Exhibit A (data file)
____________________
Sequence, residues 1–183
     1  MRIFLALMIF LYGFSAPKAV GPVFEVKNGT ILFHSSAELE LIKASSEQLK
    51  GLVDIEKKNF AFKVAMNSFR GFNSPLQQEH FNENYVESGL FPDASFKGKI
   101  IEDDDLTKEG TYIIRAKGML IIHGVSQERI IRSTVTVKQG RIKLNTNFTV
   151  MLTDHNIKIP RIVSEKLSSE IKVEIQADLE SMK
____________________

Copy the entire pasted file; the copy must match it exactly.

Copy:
Sequence, residues 1–183
     1  MRIFLALMIF LYGFSAPKAV GPVFEVKNGT ILFHSSAELE LIKASSEQLK
    51  GLVDIEKKNF AFKVAMNSFR GFNSPLQQEH FNENYVESGL FPDASFKGKI
   101  IEDDDLTKEG TYIIRAKGML IIHGVSQERI IRSTVTVKQG RIKLNTNFTV
   151  MLTDHNIKIP RIVSEKLSSE IKVEIQADLE SMK